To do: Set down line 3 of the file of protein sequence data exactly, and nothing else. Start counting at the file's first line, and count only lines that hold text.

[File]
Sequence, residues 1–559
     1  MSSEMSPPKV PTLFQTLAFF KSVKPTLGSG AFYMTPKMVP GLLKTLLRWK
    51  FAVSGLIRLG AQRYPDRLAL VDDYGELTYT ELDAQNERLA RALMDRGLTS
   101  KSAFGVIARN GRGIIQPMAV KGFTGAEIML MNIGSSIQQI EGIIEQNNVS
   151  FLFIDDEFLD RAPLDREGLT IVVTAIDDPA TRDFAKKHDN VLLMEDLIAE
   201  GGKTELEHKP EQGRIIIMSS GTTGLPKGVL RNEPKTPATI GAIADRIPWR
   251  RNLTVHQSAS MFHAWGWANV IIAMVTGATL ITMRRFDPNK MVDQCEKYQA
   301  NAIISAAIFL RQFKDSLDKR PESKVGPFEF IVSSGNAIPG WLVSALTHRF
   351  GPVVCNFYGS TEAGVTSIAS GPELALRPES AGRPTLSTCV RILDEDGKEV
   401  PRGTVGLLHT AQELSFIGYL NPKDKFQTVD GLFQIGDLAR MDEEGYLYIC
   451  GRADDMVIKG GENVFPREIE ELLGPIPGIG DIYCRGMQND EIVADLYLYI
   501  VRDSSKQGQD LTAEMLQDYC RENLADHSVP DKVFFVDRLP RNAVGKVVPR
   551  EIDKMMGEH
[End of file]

    51  FAVSGLIRLG AQRYPDRLAL VDDYGELTYT ELDAQNERLA RALMDRGLTS